This book outlines the story of the Kurim Case, a case taking place in another country, and it reads like a report or a professional document. It is nThis book outlines the story of the Kurim Case, a case taking place in another country, and it reads like a report or a professional document. It is not a novel, but the story is still written with the intention to get the reader's attention, ask questions, bring to to a climax, and leave with a conclusion.
In the beginning of the work, he warns the reader that there are some details that someone with sensitivity should be cautious of. This warning was only mildly warranted; there were only a few instances where the torture endured by the victims was outlined in such graphic detail, and in the scheme of things, by a fluent reader of crime novels, it was some of the less violent and disturbing that I've read. That being said, if you can't get through your typical crime novel, or a James Patterson torture scene, best leave this one off your list.
All in all, I tore through it very quickly (it's short, so I listened at work, and read it in one sitting). It kept me engaged and interested, and I'm very satisfied with the work as a whole. I would have liked just a little more detail and breakdown of the mental disorders and psychological influence that happened (I love that kind of stuff) but for a fan of true crime who wants a quick engaging read, this is a great book!
The narrator was also very good. Narrators can make or break an audiobook production, and Sprance definitely made it....more
I wanted to give her a chance. I wanted to hope that someone this clever and with such backing would have hired a better editor or have had people peeI wanted to give her a chance. I wanted to hope that someone this clever and with such backing would have hired a better editor or have had people peer review her work or something. But no, it's the same old same old.
I have 3 major problems with Meyer's book(s). the same problems apply to all of them, not just this one.
1. The concept of the plot is very good, but it's basic and underdeveloped. there could have been so much more mystery behind everything, and it could have surprised and shocked me. but it didn't. I figured it all out very quickly and then rolled my eyes when the main character was shocked by the "plot twist."
2. The writing is atrocious. straight-up bad grammar, poor sentience structure, and who the hell writes an adult novel and cuts the sentence off before the expletives? I want the expletives! Ok if you're writing a teen novel I get it. But this is sooooo not a YA novel. it's about a scientist who tortures people for the government.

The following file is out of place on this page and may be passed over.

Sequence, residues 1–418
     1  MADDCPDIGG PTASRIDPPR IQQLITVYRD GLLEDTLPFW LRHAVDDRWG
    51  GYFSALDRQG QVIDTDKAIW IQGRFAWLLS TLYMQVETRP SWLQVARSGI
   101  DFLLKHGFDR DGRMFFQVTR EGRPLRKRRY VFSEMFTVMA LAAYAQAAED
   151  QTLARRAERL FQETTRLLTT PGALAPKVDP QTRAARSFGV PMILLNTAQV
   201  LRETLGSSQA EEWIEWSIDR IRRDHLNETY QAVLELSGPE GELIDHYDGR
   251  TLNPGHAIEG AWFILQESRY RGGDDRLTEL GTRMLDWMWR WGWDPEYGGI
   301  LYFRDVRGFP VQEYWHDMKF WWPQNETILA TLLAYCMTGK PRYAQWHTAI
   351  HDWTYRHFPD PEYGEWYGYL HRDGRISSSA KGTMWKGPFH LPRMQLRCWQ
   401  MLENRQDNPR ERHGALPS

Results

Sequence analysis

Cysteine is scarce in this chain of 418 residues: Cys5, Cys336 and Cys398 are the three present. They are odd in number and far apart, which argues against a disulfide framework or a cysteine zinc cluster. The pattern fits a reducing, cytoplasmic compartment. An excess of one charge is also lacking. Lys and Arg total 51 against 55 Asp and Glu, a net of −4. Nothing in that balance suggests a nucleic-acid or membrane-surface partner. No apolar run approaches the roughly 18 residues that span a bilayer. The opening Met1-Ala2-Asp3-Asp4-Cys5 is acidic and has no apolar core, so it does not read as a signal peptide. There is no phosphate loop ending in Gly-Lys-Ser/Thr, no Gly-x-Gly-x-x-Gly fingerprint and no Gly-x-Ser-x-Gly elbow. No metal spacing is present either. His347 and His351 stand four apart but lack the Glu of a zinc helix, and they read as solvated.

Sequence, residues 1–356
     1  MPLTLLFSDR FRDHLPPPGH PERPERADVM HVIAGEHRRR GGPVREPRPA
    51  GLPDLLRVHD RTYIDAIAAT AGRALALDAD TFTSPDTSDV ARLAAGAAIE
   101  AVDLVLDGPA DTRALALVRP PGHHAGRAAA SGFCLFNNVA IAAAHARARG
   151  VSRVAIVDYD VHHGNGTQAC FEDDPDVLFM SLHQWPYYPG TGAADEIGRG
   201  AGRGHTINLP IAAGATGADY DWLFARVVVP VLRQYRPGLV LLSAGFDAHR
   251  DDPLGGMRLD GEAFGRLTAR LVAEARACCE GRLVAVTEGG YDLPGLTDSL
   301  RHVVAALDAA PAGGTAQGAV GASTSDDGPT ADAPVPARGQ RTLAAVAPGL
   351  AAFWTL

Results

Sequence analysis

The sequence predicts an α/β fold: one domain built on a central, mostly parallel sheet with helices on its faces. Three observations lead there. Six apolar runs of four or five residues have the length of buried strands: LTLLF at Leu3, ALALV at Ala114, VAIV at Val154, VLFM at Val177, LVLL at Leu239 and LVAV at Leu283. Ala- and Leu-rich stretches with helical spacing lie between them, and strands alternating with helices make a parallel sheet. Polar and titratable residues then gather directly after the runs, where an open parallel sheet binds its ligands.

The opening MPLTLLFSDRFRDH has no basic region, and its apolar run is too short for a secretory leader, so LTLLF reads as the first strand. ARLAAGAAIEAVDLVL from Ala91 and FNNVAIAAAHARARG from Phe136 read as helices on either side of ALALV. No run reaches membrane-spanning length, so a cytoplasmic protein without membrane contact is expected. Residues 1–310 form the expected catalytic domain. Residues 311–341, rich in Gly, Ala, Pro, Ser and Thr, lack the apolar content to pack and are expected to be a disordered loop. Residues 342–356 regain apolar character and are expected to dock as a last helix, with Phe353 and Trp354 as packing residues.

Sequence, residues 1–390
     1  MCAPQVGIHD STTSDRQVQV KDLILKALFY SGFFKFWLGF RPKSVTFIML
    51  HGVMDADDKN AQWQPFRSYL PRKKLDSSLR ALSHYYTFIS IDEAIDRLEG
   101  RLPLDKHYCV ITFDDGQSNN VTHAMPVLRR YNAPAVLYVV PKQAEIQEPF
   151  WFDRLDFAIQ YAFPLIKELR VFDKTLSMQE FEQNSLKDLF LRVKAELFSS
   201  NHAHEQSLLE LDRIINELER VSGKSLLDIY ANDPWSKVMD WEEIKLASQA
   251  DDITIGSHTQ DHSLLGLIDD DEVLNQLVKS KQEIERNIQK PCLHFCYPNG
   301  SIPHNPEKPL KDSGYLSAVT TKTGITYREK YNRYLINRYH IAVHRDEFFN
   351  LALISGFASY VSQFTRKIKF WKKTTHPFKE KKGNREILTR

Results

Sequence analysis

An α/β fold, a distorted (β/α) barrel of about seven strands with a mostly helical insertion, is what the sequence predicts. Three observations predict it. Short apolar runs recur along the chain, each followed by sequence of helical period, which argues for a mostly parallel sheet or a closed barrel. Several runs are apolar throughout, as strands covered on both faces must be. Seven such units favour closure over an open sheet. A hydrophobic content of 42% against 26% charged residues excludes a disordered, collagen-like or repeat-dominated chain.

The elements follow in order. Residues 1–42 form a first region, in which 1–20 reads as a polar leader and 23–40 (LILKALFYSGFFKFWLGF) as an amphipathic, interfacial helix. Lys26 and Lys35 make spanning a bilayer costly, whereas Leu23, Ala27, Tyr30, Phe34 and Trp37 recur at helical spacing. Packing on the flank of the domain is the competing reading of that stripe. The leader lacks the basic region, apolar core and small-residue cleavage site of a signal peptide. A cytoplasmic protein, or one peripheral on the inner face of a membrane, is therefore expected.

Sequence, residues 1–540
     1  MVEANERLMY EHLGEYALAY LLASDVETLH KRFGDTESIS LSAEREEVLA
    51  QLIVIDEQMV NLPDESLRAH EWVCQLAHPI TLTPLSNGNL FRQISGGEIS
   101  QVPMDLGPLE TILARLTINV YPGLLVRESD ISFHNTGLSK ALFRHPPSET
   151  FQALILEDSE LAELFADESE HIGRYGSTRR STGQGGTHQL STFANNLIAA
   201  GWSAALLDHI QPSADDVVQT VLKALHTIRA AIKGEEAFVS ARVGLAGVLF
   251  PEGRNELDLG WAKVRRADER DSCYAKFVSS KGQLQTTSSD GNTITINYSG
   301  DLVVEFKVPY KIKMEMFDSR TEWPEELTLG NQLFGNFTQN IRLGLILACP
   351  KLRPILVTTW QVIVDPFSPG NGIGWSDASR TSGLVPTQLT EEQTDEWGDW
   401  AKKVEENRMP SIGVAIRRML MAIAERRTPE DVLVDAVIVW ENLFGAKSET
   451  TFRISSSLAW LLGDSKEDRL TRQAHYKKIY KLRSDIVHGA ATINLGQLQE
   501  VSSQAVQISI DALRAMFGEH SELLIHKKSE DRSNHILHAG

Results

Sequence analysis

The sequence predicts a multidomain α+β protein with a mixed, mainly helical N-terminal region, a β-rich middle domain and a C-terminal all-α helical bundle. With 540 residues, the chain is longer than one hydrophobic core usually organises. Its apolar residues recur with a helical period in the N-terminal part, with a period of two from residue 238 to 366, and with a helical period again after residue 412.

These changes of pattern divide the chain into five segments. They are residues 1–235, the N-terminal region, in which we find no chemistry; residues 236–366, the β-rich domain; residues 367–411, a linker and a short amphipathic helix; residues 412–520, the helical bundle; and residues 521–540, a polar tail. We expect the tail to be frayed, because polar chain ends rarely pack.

3. The characters were not unique or special. this felt exactly like The Host. Which felt exactly like the Twilight series. So basically, she can only write 3 characters: under-developed female with no personality, super-sweet pushover guy, and super-asshole guy. Awesome. Remind me why you're a best seller?
I'm giving it two stars instead of one because even though it was horrible, I still got about a third of the way through it (which is more than I can say for some other horrible books I've read in the past). ...more
On one hand, the plot and story has a lot of potential, the writing is pretty good and keeps me reading,This whole series has me feeling all mixed up.
On one hand, the plot and story has a lot of potential, the writing is pretty good and keeps me reading, and the characters are well developed and complex.
But on the other hand, there's a lot that I don't like. Most prominent, the main character in this story is a young girl abused to the point of a sexual identity crisis. (S)he has no identity, is very confused, and has very little guidance on the matter.
The plot also seemed to drag a little in this one near the end. The beginning and middle was fairly well paced, but it wasn't nearly as well thought out and complex as Wake of Vultures. And it didn't really end the way I wanted it to.
This series is not one I'm going to continue. Part of it is because of the slowness and disappointingness of the plot in this novel, but the other part is the subject of Nettie/Rhett's identity crisis.
I feel like because she was abused by a man she hated, and neglected by a woman who was supposed to keep her safe, she lost all respect for women. She didn't want to be a part of that "woman" stuff. So instead she decided to become what she had respect for: the men in the horse training camp.
But rather than become a strong heroine, she became a broken confused scared young girl who tries to change who and what she is because of past experiences.
And I know the author was trying to make a statement about something, but I feel like it's done more hurt than it's helped. I wish Nettie/Rhett would learn that she is indeed perfect just as she is, she wasn't born in the wrong body, and that being a man or a woman has nothing to do with who you are or how you act.